My partner about has a heart attack every time we dock our twin engine, 36' long, 15' wide cat. I am more agile, so I have to handle the lines. We just moved the boat to its summer dockage (after a winter on the hard, so we were out of practice). When we left the winter boatyard, winds were diminishing, down to almost nothing. They clocked around and picked up, so when we got to the YC, it was a tricky docking and we were fortunate our neighbors were around on a weekday afternoon to help us tie up after a bit of fending off. Non harm, no foul, but the next day we were on the dock and my partner said, you know, I thought I wanted a bigger boat one day, but I think this one is plenty big enough!
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Old 22-05-2014, 05:27   #13
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Re: Problems that can arise from Single/Dual handling a large Cat

I always say: " If you don't bend no iron or scratch the paint, a miss is as good as a mile". That doesn't mean your heart rate doesn't go up in a tight spot.
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Old 22-05-2014, 05:51   #14
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pirate Re: Problems that can arise from Single/Dual handling a large Cat

Personally I think your ability to handle a big boat depends a lot on the boats layout on deck.. I'll give a couple of examples.. yes I know they are smaller than your stated size but they will serve as an illustration..
L380.. good sheltered con for the skipper/watchkeeper.. coming alongside with your 1 crew up front with the bow line.. its just a couple of steps to the stern line or centre line if you use that system.. all the controls lead to the helm so you can operate them sitting down... without having to move from one side of the boat to the other..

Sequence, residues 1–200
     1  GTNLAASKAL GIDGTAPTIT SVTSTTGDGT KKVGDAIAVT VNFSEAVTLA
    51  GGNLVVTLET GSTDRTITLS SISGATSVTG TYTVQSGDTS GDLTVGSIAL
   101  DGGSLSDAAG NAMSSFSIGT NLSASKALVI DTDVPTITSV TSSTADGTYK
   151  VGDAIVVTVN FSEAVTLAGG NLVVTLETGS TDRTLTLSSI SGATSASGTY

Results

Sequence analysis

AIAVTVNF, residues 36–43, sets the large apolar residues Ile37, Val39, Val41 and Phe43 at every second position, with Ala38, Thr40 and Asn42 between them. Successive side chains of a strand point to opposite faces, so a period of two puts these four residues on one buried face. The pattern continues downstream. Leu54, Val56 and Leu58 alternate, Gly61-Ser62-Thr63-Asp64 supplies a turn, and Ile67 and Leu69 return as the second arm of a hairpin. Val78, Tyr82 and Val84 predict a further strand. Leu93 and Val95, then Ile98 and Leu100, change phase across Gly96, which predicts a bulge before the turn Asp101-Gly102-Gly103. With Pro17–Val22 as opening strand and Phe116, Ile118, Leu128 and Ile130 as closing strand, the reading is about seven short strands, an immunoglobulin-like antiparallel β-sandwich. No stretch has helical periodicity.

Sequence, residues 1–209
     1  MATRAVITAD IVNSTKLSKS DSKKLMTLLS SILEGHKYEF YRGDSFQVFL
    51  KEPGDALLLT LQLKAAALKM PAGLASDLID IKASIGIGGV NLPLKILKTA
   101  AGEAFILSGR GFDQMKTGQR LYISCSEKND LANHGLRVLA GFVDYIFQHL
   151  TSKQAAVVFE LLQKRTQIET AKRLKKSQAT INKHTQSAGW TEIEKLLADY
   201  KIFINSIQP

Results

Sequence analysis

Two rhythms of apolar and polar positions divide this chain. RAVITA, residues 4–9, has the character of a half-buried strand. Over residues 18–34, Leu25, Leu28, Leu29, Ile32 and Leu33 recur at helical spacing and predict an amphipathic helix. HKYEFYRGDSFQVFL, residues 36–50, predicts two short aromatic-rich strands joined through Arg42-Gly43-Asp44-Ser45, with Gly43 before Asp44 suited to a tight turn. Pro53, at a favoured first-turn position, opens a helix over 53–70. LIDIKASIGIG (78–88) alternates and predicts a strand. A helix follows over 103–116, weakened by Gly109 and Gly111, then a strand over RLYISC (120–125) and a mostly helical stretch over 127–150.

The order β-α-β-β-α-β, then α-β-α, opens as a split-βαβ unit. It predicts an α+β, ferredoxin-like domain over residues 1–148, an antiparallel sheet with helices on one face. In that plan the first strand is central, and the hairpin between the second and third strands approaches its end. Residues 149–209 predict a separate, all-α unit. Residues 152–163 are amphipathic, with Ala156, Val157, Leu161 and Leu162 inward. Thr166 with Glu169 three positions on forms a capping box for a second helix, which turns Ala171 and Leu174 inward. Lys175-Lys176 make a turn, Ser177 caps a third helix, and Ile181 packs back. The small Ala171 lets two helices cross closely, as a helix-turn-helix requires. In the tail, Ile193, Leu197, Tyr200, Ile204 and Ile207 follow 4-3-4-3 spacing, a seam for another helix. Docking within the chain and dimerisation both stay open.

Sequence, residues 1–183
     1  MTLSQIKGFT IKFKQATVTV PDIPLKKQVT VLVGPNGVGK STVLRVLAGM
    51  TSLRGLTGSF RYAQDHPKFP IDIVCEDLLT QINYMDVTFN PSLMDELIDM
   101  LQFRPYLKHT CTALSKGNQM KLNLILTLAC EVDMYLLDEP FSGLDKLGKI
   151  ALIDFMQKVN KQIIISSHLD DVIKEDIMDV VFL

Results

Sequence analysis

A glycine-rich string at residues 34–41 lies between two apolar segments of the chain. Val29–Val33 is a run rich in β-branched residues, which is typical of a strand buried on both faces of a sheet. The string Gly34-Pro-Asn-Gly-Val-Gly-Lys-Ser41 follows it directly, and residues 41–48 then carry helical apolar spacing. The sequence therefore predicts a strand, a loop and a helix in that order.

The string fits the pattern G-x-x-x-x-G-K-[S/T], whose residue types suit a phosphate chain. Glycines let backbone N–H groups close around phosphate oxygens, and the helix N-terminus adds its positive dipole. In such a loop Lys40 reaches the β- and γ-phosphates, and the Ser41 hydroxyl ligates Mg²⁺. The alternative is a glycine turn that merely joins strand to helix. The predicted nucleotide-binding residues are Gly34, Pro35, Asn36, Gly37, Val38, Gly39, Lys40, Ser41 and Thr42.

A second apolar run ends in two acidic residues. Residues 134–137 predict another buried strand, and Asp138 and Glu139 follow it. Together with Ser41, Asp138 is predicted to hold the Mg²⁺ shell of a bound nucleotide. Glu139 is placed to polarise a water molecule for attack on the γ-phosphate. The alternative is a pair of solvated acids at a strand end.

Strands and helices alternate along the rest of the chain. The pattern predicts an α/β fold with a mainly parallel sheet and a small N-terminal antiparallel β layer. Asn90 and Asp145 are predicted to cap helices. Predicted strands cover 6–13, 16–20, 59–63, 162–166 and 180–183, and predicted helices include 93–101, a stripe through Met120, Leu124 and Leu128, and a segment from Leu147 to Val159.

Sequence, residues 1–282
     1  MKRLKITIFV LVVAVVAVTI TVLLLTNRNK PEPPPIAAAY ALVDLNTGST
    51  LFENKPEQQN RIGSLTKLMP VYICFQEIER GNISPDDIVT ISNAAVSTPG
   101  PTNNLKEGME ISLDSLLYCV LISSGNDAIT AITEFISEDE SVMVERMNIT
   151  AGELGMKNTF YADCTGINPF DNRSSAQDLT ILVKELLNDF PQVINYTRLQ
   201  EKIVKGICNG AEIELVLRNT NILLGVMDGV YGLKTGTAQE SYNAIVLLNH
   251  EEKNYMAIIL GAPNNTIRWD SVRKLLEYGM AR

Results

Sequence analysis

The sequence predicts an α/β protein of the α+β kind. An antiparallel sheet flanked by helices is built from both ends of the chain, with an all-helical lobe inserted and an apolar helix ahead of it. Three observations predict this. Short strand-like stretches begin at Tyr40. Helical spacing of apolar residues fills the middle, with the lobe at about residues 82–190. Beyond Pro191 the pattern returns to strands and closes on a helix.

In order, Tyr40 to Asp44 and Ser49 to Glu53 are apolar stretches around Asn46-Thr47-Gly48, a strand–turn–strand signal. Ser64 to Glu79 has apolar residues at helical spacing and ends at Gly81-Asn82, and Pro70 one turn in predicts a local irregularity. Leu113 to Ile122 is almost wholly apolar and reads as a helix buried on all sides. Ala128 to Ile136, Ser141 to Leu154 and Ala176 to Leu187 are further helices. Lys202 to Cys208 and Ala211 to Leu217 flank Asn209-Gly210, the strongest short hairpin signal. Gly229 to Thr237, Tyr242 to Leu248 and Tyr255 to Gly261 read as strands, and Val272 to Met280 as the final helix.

In my experience a pretty well set up boat..

L440.. exposed con, wet and scary for the less experienced in a blow and can be dodgy moving to and from.. also if just 2 people when coming alongside.. 1 crew up front tending the bow line means you have to clamber down from up there to tend the stern line.. and if an swift adjustment with motor is needed its climb back up.. time wasted which could lead to a bump.. the winches are too spread out for ease of handling.. its a mini obstacle course up there.
The boat itself is nice enough but.. in my opinion the helm layout is ****..
To be honest.. if you've the cash for a 50+ft I'd opt for a smaller boat around 40-44ft and get the interior custom built to your needs/specs.. nothing to stop you having the stbd side as an owners suite and the port side fore cabin set up for a laundry/freezer/etc room..
Use your cash to buy an easier to manage but near perfect boat..
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Old 22-05-2014, 05:56   #15
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Re: Problems that can arise from Single/Dual handling a large Cat

One thing to keep in mind is that it isn't strictly the size.
You may find that you can easily handle "Brand A" of 60 feet, but with "Brand B" even the 50 footer is a handful.
So you really have to try each boat you are considering. Once you narrow your search to a few boats go and charter one and feel it out. Oh, and I'd recommend a crewed charter in case the boat you pick is beyond your comfort level. Arrange ahead of time that the crew are to be passengers as you want to do everything. Then if things get beyond your comfort level, just let the crew take over.